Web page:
The U.S. bombing campaign in Afghanistan proves yet again that civilian casualties are inevitable in war today. This raises a question about the just-war theory: Is it sufficient not to intend to kill civilians when we know the war will kill some? If civilian casualties are known to be inevitable, does the attack become morally justified simply by saying we didn’t mean to kill them?
The Christian pacifist answers these questions by saying it is always wrong to kill. We believe the Bible teaches that we should see the face of Christ in every person and especially in “the least of these.”
The people of Afghanistan fit that description. In a land ravaged by 20 years of war, the average person does not live past the age of 50. An estimated 7 million Afghans are displaced within the country. Malnutrition is rampant. Three years of drought have deprived the people of their livelihood and their meager resources.
And now comes America’s war on terrorism. The Pentagon estimates 85 percent of U.S. bombs and missiles have hit their targets. If that is true, it still leaves “450 or more that may have gone astray, regularly nailing civilian structures and residential neighborhoods,” according to the Nov. 5 Time magazine. On Oct. 31, the Taliban claimed 1,500 people had been killed in 25 days of U.S. air strikes. U.S. officials said that number was exaggerated. We may never know the real death toll.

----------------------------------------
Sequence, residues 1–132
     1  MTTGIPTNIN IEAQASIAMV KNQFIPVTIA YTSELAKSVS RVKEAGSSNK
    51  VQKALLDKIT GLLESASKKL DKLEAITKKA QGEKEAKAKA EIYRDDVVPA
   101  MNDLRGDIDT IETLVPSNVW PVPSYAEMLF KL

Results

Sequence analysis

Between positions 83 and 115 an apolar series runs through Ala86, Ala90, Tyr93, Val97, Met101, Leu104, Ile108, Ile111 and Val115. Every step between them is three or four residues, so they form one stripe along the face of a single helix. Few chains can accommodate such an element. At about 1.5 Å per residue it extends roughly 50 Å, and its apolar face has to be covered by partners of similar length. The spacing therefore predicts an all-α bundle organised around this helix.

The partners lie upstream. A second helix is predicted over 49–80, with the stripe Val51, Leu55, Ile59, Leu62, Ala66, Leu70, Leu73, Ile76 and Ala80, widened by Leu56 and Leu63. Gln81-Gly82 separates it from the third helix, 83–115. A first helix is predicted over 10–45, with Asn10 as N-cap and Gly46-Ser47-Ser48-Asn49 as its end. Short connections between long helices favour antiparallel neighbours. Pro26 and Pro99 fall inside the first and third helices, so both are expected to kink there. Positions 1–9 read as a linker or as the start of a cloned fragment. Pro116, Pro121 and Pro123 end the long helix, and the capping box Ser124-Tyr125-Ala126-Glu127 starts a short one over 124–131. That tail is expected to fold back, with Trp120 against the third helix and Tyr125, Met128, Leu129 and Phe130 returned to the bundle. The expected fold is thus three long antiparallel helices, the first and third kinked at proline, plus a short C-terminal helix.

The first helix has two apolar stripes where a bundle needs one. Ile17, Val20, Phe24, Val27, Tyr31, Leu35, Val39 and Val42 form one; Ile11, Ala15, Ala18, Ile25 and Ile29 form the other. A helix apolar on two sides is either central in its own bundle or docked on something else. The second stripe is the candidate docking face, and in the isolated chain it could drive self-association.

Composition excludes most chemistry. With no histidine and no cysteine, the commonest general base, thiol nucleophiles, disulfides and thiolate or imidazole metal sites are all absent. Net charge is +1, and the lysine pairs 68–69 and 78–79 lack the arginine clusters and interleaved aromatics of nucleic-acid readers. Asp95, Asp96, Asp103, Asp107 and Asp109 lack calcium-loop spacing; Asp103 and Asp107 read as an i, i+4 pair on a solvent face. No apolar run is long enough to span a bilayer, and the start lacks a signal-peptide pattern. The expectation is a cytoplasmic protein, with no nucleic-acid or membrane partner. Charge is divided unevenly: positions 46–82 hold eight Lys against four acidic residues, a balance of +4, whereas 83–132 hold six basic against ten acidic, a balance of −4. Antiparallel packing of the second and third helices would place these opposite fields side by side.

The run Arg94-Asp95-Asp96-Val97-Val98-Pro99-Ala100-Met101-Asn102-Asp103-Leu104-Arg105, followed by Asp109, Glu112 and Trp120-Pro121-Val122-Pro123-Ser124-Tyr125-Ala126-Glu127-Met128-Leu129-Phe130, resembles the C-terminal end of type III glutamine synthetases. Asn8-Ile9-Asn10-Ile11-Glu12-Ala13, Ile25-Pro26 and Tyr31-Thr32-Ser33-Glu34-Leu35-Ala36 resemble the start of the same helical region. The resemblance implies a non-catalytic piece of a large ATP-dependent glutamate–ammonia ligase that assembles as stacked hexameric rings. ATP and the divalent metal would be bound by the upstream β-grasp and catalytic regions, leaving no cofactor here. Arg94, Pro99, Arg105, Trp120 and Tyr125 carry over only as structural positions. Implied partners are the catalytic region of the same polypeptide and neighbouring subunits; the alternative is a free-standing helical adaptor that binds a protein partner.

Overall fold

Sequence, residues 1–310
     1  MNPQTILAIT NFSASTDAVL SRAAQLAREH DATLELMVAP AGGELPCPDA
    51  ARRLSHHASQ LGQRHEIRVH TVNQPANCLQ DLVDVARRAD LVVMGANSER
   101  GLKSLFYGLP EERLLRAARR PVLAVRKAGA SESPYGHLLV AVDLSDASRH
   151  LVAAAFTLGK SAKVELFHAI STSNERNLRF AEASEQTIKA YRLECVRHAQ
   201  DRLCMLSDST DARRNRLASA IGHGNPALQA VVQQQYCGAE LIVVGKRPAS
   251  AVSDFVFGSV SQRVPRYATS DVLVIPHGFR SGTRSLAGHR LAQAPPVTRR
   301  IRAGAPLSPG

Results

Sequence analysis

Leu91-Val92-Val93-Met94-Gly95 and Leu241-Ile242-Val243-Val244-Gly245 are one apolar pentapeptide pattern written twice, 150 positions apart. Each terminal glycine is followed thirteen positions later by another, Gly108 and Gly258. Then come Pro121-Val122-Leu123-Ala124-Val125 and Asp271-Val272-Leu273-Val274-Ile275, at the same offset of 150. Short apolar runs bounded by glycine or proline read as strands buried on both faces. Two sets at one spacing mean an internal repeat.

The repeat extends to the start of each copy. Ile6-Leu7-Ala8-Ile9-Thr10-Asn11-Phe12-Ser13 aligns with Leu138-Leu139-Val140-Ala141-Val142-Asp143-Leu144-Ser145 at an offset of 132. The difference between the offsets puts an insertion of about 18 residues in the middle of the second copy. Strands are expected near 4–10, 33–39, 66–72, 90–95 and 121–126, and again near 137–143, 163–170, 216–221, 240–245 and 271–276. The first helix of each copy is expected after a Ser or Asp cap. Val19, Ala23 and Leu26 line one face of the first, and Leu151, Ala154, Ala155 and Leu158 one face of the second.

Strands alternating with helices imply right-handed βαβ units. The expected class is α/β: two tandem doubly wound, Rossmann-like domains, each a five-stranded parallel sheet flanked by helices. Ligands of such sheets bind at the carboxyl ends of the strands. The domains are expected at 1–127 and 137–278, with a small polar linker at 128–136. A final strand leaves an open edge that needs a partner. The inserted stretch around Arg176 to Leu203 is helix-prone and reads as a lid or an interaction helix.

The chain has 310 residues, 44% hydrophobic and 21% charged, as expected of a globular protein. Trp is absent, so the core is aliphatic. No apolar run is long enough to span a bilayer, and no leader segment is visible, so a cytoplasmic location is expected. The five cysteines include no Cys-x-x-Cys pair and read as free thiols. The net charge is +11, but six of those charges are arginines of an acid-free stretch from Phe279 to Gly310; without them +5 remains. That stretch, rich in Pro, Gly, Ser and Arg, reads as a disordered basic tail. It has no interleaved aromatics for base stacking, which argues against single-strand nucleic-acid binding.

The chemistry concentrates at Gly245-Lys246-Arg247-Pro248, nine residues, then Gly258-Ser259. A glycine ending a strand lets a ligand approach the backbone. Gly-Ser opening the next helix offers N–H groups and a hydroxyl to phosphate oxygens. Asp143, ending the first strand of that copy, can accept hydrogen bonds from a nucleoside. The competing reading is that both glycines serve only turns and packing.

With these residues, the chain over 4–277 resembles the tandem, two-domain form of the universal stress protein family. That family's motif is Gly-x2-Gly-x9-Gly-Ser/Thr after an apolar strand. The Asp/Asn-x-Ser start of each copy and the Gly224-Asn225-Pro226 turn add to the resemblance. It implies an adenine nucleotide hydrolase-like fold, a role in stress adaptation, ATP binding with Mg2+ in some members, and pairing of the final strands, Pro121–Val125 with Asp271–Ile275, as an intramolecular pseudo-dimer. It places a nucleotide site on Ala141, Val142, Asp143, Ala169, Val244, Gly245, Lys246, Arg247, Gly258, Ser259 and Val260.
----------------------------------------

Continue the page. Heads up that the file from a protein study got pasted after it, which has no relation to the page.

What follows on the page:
The United States has acknowledged several bombing errors, including dropping two 500-pound bombs in a residential area north of Kabul. U.S. planes have bombed the same Red Cross warehouse twice.
The great majority of Americans are willing to accept the deadly results. A Gallup poll in late October “asked about the possibility of up to 5,000 military or civilian deaths resulting from military action and found that three-quarters or more of those interviewed still supported the concept of a military response,” according to the Christian Science Monitor.
The Taliban have proved their lack of concern for civilians by moving some of their troops and arms into mosques and schools. For them, Afghan civilian deaths are useful in efforts to portray the war as an American attack on Islamic people. So the United States has strategic, as well as moral, reasons to avoid accepting the Taliban’s invitation to bomb worshipers and schoolchildren.
“A debate has begun,” states a Washington Post editorial, “about whether [civilian] casualties make the bombing counterproductive or unsustainable.” Just-war principles require asking an additional question: Are civilian casualties morally acceptable? If so, how many? Those who take such questions seriously have at least rejected the view that any response is justified because the terrorists attacked us first.
Meanwhile, pacifist Christians will continue to see the face of Christ in every victim of terrorism and war, whether American or Afghan, and say there is no justice in their death.
Paul Schrag is editor of Mennonite Weekly Review where this article first appeared. You can access the Mennonite Weekly Review online at www.mennoweekly.org.